House prices in the UK are increasing at their fastest rate in five years. This is the finding of the monthly snapshot of the property market by Halifax.
Halifax’s latest property price index shows that in April this year, the average cost of a home jumped by 1.4%, taking the average selling price of property in Britain to just over £258,000.
According to Halifax, around £20,000 has been added to the average house price since April 2020, when the industry came to a standstill.
Halifax says it expects demand for property to remain strong in forthcoming months, despite the stamp duty holiday being phased out in two stages, firstly in June and secondly in September. The lender also attributed the surge in activity in the property market to savings people had made during lockdown, saying buyers have more cash to invest in their “dream properties.”
Another reason is diminishing of deposit constraints, with prospective buyers now finding it easier to purchase a home.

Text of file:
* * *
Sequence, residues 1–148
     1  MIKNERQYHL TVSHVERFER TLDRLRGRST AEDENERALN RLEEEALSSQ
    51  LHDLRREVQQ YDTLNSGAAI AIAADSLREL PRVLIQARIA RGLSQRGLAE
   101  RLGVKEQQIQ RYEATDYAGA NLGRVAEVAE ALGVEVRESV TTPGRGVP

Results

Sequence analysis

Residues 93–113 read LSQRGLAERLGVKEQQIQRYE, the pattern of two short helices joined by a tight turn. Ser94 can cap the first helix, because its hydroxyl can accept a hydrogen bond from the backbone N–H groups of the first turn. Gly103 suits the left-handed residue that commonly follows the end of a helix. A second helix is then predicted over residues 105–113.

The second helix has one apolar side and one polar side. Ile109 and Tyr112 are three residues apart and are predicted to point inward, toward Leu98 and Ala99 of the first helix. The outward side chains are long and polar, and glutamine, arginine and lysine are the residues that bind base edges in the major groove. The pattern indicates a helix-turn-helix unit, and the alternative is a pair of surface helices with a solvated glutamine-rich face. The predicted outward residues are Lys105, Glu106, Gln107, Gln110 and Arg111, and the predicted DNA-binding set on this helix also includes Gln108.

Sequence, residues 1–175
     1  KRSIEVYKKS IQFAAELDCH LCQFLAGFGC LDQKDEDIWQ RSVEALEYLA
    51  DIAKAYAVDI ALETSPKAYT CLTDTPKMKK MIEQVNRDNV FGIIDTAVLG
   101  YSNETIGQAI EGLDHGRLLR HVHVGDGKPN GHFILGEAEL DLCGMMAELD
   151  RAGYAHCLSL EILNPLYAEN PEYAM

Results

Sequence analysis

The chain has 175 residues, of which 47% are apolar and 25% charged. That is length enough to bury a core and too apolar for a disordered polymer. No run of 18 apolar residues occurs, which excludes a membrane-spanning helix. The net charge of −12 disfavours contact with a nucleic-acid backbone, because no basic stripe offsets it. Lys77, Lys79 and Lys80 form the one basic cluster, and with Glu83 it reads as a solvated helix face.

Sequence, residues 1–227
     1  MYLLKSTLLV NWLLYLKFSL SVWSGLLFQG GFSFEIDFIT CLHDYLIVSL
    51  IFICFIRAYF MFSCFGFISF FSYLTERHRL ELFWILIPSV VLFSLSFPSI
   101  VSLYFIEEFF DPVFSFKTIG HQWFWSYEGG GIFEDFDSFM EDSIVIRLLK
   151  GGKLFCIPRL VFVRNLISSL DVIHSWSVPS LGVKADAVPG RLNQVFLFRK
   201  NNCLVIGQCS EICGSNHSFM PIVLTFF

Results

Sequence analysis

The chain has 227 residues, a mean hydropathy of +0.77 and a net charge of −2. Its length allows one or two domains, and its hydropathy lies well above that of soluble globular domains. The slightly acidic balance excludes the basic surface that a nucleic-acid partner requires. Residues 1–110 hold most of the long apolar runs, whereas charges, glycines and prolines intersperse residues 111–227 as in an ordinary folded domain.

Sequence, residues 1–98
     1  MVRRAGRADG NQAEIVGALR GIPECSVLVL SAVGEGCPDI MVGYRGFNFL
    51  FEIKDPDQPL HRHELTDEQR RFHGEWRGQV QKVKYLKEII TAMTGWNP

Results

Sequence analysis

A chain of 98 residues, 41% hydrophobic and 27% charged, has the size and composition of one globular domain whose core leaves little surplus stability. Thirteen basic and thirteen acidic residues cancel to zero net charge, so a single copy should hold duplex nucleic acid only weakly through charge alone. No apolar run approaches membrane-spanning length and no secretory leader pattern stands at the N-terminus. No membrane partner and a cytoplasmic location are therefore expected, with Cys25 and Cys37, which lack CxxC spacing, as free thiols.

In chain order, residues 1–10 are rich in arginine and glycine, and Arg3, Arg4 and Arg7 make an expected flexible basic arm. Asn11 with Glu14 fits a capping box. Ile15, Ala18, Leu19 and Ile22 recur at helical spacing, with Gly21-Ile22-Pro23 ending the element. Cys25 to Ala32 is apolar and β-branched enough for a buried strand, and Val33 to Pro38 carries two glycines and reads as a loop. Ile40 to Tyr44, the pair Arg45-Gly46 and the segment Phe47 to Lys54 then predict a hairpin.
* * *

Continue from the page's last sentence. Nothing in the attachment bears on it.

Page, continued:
Russell Galley, managing director at Halifax, commented on today’s buoyant property market.
“The stamp duty holiday continues to add impetus to an extremely active market, magnifying the current shortage of available homes as buyers aim to take advantage of the government scheme.
“The influence of the stamp duty holiday will fade gradually over the coming months as it’s tapered out but low stock levels, low interest rates and continued demand is likely to continue to underpin prices in the market,” Galley continued.
Halifax’s property industry index follows a series of reports that show strong demand for property in the UK. One such report is HMRC’s monthly property transactions data, which shows property sales in Britain increased in March 2021 to their highest ever level.
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